The Israeli government came under additional pressure to change its policy of deporting illegal migrants on Tuesday, as the Congressional Black Caucus and the Jewish Agency both urged a different approach.
The CBC has circulated a letter supporting a proposal being made by advocates for the migrants to send them to other countries via the existing international refugee processing systems, the Jewish Telegraphic Agency reported. The Israeli plan, which took effect this month, gives the migrants a choice between deportation with cash incentives and free airfare, or jail for an indefinite time.
“As a close friend of the United States and a vital regional ally, Israel is a beacon of democracy and good governance in the Middle East,” the letter says. “Given such a discouraging state of affairs, we seek to mitigate a potential humanitarian crisis.”
The letter acknowledges Israel’s legitimate security and social concerns in allowing the migrants to stay in the country, but points out that the current scheme does not adequately take their safety into consideration.
It notes that the migrants are “primarily from Eritrea and Sudan, countries characterized by political instability and violence” and that many were “victims of kidnapping, torture and [other] violence.”
According to Haaretz, 15 of the 49 members of the CBC have signed the letter, including some who are regarded as friends of Israel, among them Sen. Cory Booker, D-N.J., and Reps. Alcee Hastings, D-Fla., and Elijah Cummings, D-Md.
Also on Tuesday, the Jewish Agency spoke on behalf of some 500 African migrants who came to Israel as minors and have already become part of the society.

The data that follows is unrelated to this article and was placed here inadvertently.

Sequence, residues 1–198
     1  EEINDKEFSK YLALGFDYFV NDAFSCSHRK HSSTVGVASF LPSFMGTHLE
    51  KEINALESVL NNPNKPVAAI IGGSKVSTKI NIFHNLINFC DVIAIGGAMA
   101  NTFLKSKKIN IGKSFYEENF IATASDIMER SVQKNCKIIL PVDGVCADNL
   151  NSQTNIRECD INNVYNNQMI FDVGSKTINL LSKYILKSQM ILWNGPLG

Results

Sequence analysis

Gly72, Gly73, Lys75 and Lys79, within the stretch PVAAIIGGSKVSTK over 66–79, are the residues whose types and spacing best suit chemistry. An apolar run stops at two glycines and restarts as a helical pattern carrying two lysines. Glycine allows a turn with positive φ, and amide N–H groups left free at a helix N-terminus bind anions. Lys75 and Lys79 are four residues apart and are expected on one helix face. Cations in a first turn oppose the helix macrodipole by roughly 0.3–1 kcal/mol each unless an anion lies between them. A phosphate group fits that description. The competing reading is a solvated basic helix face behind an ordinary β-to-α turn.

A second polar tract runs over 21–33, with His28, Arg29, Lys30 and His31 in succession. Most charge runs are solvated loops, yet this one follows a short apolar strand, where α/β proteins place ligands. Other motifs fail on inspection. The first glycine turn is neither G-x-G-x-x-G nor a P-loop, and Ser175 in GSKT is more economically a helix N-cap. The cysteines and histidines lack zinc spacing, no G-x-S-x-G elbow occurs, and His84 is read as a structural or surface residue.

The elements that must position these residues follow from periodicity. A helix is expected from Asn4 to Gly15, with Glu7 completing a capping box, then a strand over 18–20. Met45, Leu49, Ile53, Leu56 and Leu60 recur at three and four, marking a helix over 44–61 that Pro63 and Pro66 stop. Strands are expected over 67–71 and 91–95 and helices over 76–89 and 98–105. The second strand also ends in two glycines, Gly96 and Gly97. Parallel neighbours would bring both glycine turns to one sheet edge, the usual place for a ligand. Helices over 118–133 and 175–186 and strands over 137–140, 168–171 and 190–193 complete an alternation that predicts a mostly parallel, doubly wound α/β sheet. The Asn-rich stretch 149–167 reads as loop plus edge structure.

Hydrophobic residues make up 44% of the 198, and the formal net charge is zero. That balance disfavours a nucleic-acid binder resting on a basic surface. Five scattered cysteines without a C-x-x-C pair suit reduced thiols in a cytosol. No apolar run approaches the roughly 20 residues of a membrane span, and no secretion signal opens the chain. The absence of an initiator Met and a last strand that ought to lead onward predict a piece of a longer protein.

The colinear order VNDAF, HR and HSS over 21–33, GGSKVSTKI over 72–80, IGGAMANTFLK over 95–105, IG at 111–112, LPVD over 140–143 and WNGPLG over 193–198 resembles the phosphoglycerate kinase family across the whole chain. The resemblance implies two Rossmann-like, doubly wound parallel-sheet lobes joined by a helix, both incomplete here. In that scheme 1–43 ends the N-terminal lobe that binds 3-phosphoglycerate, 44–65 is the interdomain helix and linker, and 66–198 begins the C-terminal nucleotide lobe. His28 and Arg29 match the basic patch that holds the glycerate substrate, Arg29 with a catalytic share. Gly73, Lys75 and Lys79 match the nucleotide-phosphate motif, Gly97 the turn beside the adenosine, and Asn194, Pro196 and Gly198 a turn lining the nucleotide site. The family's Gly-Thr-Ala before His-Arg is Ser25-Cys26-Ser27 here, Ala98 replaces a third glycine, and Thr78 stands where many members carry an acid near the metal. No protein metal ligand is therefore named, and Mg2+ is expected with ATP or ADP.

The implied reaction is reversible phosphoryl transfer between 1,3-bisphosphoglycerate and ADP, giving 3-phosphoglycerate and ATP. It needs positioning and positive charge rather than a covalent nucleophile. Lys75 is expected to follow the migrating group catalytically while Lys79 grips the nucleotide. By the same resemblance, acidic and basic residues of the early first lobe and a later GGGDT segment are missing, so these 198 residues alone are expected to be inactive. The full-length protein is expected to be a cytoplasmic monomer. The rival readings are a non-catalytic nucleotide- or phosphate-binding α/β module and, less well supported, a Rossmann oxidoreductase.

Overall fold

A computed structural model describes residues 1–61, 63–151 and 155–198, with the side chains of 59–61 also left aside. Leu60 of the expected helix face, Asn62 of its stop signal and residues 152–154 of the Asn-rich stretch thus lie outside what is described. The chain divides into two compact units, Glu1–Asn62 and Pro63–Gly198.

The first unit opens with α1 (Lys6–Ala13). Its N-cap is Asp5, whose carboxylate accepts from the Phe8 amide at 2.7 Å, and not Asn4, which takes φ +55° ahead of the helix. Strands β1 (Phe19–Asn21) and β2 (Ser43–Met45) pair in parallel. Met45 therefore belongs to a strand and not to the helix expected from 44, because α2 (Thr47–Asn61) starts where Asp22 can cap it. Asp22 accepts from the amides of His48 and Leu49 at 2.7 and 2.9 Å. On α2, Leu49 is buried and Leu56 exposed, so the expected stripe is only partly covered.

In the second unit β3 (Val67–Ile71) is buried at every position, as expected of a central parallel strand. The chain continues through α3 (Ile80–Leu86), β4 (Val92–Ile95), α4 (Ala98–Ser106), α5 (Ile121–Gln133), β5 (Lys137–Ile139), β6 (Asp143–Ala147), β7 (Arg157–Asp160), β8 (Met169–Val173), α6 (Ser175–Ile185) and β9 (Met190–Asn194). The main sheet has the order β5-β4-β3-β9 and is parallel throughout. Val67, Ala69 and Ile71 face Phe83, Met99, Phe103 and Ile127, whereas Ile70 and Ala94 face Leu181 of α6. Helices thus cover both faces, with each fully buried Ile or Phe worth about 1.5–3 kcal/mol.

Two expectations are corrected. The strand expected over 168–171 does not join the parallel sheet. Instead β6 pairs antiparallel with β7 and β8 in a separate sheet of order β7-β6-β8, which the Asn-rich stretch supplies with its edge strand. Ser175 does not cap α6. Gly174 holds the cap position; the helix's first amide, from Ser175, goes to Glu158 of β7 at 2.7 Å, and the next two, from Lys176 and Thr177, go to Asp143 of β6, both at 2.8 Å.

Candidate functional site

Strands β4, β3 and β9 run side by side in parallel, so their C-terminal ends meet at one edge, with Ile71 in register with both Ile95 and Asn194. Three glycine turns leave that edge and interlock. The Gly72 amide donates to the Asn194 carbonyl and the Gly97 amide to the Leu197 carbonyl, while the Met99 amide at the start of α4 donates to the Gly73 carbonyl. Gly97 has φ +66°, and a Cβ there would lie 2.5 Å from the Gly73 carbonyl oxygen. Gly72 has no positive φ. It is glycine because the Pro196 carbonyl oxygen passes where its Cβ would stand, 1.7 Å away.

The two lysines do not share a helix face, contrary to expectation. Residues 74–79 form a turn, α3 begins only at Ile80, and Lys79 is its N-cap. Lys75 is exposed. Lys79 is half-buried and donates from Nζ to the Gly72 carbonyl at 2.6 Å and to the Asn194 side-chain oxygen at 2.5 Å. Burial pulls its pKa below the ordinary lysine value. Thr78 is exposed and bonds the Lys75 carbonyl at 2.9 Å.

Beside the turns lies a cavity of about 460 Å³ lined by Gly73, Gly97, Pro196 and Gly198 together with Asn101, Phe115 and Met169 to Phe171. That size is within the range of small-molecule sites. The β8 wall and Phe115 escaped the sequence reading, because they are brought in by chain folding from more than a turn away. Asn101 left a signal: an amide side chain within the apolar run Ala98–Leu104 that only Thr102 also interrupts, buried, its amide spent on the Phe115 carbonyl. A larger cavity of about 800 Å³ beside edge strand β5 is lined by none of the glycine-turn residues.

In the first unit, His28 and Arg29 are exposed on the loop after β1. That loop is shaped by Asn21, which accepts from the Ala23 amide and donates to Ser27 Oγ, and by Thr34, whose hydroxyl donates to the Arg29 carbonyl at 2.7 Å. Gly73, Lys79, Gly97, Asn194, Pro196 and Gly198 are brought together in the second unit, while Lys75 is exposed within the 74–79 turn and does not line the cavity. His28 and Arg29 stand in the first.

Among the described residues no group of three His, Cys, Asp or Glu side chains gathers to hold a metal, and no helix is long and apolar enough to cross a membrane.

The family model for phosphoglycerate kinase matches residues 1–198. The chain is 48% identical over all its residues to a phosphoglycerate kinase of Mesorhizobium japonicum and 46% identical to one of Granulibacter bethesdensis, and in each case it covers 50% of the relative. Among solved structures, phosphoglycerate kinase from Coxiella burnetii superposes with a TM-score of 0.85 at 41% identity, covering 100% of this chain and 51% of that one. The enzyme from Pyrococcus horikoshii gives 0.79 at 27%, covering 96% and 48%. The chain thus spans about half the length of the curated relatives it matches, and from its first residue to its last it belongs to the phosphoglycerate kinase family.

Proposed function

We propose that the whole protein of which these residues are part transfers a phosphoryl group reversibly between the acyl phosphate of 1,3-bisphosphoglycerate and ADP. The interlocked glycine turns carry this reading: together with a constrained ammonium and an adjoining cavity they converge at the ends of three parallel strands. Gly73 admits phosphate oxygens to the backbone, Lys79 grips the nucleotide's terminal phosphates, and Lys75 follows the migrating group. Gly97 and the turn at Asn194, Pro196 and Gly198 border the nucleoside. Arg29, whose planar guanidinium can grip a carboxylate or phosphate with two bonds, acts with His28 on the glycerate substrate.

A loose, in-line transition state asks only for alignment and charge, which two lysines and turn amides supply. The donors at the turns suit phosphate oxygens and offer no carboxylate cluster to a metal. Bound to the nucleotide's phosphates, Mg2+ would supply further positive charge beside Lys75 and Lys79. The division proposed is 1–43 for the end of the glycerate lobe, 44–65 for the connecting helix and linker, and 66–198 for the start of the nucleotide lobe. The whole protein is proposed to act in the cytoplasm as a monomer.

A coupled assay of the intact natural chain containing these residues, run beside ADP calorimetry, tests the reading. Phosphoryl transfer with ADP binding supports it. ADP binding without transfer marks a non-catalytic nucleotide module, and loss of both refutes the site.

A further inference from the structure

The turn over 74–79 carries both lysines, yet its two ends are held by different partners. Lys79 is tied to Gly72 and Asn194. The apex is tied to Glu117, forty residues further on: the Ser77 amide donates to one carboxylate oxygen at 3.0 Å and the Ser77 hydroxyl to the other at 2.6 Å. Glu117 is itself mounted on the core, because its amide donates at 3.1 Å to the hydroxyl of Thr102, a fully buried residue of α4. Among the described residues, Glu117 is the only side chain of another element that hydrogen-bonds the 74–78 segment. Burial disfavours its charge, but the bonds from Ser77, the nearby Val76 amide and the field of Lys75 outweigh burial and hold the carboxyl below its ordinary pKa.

In a letter, the Agency board urged Interior Minister Rabbi Aryeh Deri to grant them a legal status in Israel, saying they arrived as unaccompanied minors and had been “integrated in the education system of youth villages operated by The Jewish Agency and the Ministry of Education.”
“These youngsters have grown up in an Israeli educational environment, speak fluent Hebrew, are imbued with Israeli culture, and are loyal to the State of Israel,” the agency said. “Therefore, it is right that they be granted legal status.”
The Agency also called on the government to ensure “every migrant has an opportunity to apply for asylum and receive transparent due process in the examination of their application.”
Israeli officials including Prime Minister Binyamin Netanyahu have defended the deportation program as being consistent with international law and said that genuine asylum seekers would not be deported. However, they insist that the vast majority of them are job seekers who infiltrated across the Sinai border and Israel has no legal obligation to keep them.
The Congressional Black Caucus and the Jewish Agency thus join a campaign for the migrants that in recent weeks has included Israeli jurists, doctors, writers, former ambassadors, American Jewish leaders and some Holocaust survivors.